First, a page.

Ken Collins

Intelligent Buildings? - The Science of Architecture

Jul 12, 2010

Modern buildings have a lot of technology that goes into them. From the development of the products they are built from, to the systems that allow us to live, work, and play in them. The rate of technology uptake into our new buildings is surging up every year, especially when it comes to entertainment systems and power control. However one area where the uptake has been lagging, is automation of the building itself. There are many — mainly commercial buildings — that have computers to control heat and ventilation, opening or closing louvers automatically, not to mention air conditioning systems with some advanced control systems. But it was this article on an “Intelligent house” that caught our eye in the office. Extending the technology interface between building and control system where it features a prototype climate control system with … Read More

Houston — You have a problem….. - The Science of Architecture

Jun 25, 2010

It’s nice to know, well actually a little worrying to know, that New Zealand building owners aren’t the only ones to neglect maintenance work on their buildings. A recent article in New Scientist Magazine (15 May 2010) had a small piece on the problems faced by NASA. Yes, even the best let their major assets deteriorate. With NASA again expected to develop new technologies for space flight, a report to the US National Research Council identifies that may of their labs, including wind tunnels, need repairs and upgrades. With the exception of a new science building at Goddard, over 80 percent of the research laboratories at these facilities are more than 40 years old and need significant annual maintenance and upgrades. Some apparently don’t even have adequate electricity or heat. Clearing the overall repair and maintenance backlog is estimated at … Read More

Leaky Buildings — Part 2 — What we now know - The Science of Architecture

Jun 08, 2010

Following on from my blog on Leaky Buildings – Part 1 -and how we got to where we are, this blog covers some of the science and research that has gone into the building industry as a result. At this stage I must point out that there are other people with specialist areas of knowledge and research, in what is now quite a wide topic.  So, as blogs tend to be, this is more of an overview from my experience, rather than a detailed technical paper. With all buildings that have ’leaking’ issues, the problem is that water gets into an area it shouldn’t be (most commonly the structural timber frame), the water stays there because it can’t drain or evaporate away. When the timber remains wet (typically above 30% moisture) and relatively warm, these conditions allow fungi to … Read More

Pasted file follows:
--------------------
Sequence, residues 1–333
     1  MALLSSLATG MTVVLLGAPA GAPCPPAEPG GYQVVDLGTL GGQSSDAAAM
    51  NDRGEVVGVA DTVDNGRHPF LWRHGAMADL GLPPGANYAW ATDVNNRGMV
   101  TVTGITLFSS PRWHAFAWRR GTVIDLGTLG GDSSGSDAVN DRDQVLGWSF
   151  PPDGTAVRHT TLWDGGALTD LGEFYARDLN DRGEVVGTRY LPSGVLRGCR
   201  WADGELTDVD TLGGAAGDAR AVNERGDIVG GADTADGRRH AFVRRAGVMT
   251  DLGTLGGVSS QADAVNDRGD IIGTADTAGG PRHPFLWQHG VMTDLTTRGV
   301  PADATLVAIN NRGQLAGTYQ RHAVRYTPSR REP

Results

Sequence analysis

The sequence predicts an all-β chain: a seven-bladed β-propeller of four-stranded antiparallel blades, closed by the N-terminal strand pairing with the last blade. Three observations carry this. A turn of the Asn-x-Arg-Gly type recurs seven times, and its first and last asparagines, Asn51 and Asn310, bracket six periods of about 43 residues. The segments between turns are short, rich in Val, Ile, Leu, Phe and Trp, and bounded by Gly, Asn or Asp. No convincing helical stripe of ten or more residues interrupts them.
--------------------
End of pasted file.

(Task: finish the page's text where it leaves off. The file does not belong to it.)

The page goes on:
Earmuffs in Pre-school? - The Science of Architecture

Jun 01, 2010

I had promised the next blog would be my second part to the Leaky Homes blog, and it is on its way. However, this article in the Dominion Post caught the eyes of the team in our office. Do we really need to put earmuffs on our pre-schoolers when they are at Playcentre or other Pre-school facilities? While the intentions are admirable, to minimise any hearing damage to our wee youngsters in noisy environments.  The people in our office thought earmuffs in pre-schools was going a bit far. We have recently been involved in refurbishing some pre-schools and assessed the issue of noise as a part of the design solution. As a result we had sound absorbing materials installed on the ceiling and on walls. Sound absorbing vinyl flooring is also now widely available, not to mention that carpet … Read More